As an Education Partner and Board member of ISSP, I’ve been doing a deep dive into the ISSP-SA Study Guide. Even after years of being in the profession, I’m still finding the contents fascinating and enlightening.
One well-known concept that jumped out at me recently is externalities.
In the Study Guide you’ll find:
As noted by free-market economist Milton Friedman, “An externality is the effect of a transaction . . . on a third party who has not consented to or played any role in the carrying out of that transaction.”
Economists are in wide agreement that a fundamental flaw of market-based economies is that prices do not reflect externalities.
By not including externalities in prices, the economy effectively subsidizes less sustainable products and services–making them more competitive in the marketplace.
I’d like to say that this jumped out at me because I’ve been exploring the intersection of economics, empathy, and sustainable design. But to be honest, I think it’s because on most days this summer and fall, I’ve been subjected to the uniquely irritating sound of gas-powered leaf blowers. They are loud enough to require me to close all of my doors and windows to have a video meeting. They feel relentless and have been driving me crazy. I was reading the ISSP-SA Study Guide outside over the weekend, trying to enjoy the last of the beautiful weather before the fall rains set in when — guess what — the leaf blower barrage kicked in. It was then that I realized that I was the “third party who has not consented to or played any role in the carrying out of that transaction”.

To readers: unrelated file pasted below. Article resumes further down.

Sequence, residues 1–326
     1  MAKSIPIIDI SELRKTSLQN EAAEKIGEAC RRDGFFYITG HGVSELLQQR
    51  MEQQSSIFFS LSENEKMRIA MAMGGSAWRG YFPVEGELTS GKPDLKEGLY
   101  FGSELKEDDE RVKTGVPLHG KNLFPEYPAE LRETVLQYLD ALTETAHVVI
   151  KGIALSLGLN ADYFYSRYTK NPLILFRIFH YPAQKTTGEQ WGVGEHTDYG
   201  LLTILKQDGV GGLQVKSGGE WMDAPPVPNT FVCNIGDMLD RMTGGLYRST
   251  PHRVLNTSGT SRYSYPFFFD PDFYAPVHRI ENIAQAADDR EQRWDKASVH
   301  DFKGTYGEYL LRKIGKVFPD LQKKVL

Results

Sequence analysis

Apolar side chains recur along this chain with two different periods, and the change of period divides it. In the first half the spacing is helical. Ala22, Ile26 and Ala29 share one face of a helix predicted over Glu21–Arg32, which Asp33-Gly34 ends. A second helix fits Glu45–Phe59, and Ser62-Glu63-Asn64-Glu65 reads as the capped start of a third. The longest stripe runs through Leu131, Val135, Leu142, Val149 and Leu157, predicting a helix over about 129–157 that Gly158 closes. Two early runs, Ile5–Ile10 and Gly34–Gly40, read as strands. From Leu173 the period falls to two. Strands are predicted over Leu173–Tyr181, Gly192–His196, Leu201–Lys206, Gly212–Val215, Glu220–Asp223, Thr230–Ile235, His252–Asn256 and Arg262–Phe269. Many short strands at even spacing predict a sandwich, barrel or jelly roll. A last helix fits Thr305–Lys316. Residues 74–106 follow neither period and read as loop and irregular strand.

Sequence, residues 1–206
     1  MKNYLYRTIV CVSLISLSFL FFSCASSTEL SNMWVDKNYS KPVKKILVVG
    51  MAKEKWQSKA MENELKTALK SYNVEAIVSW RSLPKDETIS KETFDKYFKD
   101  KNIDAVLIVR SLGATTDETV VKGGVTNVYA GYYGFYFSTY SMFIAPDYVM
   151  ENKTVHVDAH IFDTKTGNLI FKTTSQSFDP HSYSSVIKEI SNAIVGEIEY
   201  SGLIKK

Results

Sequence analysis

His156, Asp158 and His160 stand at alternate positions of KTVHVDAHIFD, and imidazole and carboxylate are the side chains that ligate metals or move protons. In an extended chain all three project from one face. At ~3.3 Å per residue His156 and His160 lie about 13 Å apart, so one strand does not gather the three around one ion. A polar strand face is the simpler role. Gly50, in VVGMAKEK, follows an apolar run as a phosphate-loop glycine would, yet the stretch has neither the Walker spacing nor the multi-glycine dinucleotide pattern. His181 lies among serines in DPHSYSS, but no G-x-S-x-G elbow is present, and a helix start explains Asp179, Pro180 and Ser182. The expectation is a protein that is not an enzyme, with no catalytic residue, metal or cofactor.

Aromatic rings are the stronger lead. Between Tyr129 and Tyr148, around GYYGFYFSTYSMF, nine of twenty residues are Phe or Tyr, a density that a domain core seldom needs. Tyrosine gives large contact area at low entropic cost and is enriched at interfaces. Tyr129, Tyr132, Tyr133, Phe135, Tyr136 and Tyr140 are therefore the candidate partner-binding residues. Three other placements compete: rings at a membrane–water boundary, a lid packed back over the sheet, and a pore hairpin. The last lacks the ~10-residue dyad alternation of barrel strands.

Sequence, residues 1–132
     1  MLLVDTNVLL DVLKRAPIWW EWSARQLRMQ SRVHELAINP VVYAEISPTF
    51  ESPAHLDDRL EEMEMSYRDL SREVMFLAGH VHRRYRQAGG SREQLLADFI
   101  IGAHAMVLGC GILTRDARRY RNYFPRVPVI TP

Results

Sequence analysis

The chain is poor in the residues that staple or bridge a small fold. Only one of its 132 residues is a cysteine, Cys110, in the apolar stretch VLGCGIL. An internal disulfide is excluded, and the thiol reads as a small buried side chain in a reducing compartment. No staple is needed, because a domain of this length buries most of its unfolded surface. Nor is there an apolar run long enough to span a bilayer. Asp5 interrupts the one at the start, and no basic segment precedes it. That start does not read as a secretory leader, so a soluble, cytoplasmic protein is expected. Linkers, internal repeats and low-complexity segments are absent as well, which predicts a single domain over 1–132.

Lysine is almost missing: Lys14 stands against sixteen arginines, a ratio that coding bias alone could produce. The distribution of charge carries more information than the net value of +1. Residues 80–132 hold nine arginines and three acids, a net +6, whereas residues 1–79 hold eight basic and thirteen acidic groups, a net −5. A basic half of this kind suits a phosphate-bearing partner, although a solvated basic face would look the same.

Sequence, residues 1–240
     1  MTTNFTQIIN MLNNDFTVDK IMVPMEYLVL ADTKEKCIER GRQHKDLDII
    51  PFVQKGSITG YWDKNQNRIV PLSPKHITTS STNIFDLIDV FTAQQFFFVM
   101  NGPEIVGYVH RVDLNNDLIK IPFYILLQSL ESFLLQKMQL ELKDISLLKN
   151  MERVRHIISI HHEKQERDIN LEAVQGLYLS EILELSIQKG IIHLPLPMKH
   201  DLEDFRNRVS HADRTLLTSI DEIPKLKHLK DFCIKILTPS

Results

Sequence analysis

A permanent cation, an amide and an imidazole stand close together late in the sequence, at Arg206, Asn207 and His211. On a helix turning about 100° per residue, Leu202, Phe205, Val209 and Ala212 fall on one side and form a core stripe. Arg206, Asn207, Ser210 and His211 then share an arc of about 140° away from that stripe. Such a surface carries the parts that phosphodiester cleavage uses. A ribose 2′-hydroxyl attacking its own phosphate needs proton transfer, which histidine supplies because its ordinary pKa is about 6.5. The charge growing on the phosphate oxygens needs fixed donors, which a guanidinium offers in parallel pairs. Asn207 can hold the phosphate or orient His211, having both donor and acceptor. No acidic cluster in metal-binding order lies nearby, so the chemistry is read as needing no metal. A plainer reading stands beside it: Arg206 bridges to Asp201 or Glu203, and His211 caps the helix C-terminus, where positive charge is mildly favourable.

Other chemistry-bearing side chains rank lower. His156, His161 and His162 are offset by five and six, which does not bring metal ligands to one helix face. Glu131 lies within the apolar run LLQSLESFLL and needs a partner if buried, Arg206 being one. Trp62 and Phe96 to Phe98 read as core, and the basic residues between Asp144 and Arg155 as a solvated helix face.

The ISSP-SA Study Guide explains:
Prices are the universal language of an economy.
In the highly competitive global market economy, corporations must maximize externalizing of costs to compete on price. Former CEO and sustainability leader Ray C. Anderson described the corporation’s incentive as to “externalize any cost that its unwary or uncaring public will allow it to externalize.”
For me, this externality is just an irritation; however, it reflects the lack of empathy in our economy and, by extension, in our cultural norms. It reveals that the more we allow the economy to drive and define our sense of ourselves and our society, the harder it is for us to feel and express empathy. We seem to have allowed ourselves to become an “uncaring public”.
As the ISSP-SA Study Guide points out:
By not including externalities in prices, the economy effectively subsidizes less sustainable products and services–making them more competitive in the marketplace. For this reason, accounting for externalities is an imperative if society wants to achieve sustainability.
Economic forces encourage people to say, “I really don’t care, do you?” Well, I really do care — and I know you do, too. That’s why I believe that sustainability is possible.